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10, Hockenhall Alley

A Grade II Listed Building in Central, Liverpool

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Coordinates

Latitude: 53.4088 / 53°24'31"N

Longitude: -2.9873 / 2°59'14"W

OS Eastings: 334467

OS Northings: 390678

OS Grid: SJ344906

Mapcode National: GBR 73N.T0

Mapcode Global: WH877.2LR2

Entry Name: 10, Hockenhall Alley

Listing Date: 17 December 2008

Grade: II

Source: Historic England

Source ID: 1393065

English Heritage Legacy ID: 504670

Location: Liverpool, L2

County: Liverpool

Electoral Ward/Division: Central

Built-Up Area: Liverpool

Traditional County: Lancashire

Lieutenancy Area (Ceremonial County): Merseyside

Church of England Parish: Liverpool Our Lady and St Nicholas

Church of England Diocese: Liverpool

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Listing Text


392/0/10334 HOCKENHALL ALLEY
17-DEC-08 10

II
Modest house, originally formed part of a row, late C18/early C19, brick, irregular bond, slate roof, 3 storeys, 1 bay wide

EXTERIOR: Flanked by two tall late C19 warehouses. Doorway with later metal door to ground floor left, boarded over window to right. Boarded over windows to centre of each floor above; that to second floor retains a multipaned lower sash, lower sash survives to ground floor with later plain glazing. First floor window also boarded over internally. Segmental arched heads to door and windows, brick sills to windows. Projecting stringcourse between ground and first floor. Plain rear elevation with off-centre doorway (door removed) to ground floor, later inserted square vent to first floor. Small rear yard area enclosed by walls of surrounding buildings.

INTERIOR: Exceptionally modest with one small room to each floor. Lath and plaster ceilings. Timber winder stair to rear right corner with rope handrail attached to slender central post, under-stair cupboard to ground floor with plank and batten door. Later door off stair at first floor level. Timber partition wall to far right of first floor room creating separate narrow space containing a sink.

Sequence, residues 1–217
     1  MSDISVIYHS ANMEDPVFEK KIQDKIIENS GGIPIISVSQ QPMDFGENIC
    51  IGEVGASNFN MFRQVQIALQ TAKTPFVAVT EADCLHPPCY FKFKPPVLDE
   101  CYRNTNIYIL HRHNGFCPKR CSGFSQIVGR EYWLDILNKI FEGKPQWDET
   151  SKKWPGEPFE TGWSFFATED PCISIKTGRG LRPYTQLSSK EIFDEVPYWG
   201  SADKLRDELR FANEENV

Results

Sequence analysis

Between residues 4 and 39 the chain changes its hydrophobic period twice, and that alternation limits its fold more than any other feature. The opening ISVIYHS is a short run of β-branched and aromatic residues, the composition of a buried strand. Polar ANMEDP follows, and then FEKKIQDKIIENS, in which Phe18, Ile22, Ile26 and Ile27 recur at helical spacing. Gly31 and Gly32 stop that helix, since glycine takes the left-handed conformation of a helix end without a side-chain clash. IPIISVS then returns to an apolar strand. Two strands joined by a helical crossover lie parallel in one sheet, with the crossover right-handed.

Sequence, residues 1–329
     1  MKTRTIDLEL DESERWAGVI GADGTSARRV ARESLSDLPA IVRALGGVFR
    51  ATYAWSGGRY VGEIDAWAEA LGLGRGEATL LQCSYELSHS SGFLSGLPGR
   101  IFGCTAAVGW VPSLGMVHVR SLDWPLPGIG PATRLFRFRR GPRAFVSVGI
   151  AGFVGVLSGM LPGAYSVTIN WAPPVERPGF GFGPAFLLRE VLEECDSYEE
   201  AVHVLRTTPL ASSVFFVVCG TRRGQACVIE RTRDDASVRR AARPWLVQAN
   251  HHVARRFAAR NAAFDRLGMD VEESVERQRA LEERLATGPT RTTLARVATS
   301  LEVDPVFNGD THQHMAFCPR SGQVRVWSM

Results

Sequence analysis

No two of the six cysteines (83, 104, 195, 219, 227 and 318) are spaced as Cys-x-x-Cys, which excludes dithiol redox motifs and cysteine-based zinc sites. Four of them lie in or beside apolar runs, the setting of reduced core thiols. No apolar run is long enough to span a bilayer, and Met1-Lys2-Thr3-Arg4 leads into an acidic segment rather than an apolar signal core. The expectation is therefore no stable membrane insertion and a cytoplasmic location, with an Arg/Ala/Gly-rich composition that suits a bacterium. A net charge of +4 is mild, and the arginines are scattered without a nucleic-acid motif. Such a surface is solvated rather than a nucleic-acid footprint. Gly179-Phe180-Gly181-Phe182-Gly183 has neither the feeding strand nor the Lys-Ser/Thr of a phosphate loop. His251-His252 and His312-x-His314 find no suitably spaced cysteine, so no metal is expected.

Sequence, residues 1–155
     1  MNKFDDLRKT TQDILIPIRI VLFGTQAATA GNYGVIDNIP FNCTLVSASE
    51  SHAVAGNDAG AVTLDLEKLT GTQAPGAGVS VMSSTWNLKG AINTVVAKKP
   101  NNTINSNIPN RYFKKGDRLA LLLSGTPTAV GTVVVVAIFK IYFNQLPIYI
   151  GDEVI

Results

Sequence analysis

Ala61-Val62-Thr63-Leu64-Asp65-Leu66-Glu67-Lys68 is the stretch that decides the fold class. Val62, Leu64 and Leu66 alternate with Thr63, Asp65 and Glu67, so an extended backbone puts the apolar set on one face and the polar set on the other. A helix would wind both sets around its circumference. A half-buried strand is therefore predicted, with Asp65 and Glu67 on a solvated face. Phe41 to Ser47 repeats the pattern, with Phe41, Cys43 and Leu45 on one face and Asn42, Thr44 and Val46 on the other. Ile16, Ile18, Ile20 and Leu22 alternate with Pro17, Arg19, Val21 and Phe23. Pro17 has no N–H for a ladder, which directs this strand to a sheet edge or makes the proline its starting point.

HISTORY: Hockenhall Alley was originally known as Molyneaux Weint and lies off one of the oldest roads in the city, Dale Street. Dale Street was the only access route into and out of the city from London and Manchester until the C18, and was the economic and commercial hub of the developing port during the C18 & C19. No.10 Hockenhall Alley is believed to have originally formed part of a short row of houses situated towards the SE end of the alley. 'Hockenhall' was taken from the name of an old Cheshire family. The alley and buildings are not depicted on a map dating to 1729 and the area appears to be enclosed fields with development spreading up from the docks to the SW. The SE section of the alley is depicted as being built up on a map dating to 1765, although in common with C18 maps, individual properties are not marked. It is not known when the other houses in the row were demolished but it was probably at the time of construction of no.10's current neighbouring properties, which are late C19 in date. Another row of similar dwellings further along the alley to the NW was demolished approximately 40 years ago.

SOURCES:
Liverpool City Archives - Historic OS maps
Stonehouse J. 2002. The Streets of Liverpool (first published in 1869). Liverpool Libraries & Information Services.

REASONS FOR DESIGNATION: No.10 Hockenhall Alley is designated at grade II for the following principal reasons:

* It is a rare and important survival of an exceptionally modest working class dwelling that illustrates the inner-city living conditions of some of the poorest members of late C18/early C19 society
* It retains some original features, such as the narrow timber winder stair, a plank and batten door, and lath and plaster ceilings

This text is from the original listing, and may not necessarily reflect the current setting of the building.

Reasons for Listing

10 Hockenhall Alley is designated for the following principal reasons:

* It is a rare and intact survival of an exceptionally modest working class dwelling that illustrates the inner-city living conditions of some of the poorest members of late C18/early C19 society
* It retains some original features, such as the narrow timber winder stair, a plank and batten door, and lath and plaster ceilings

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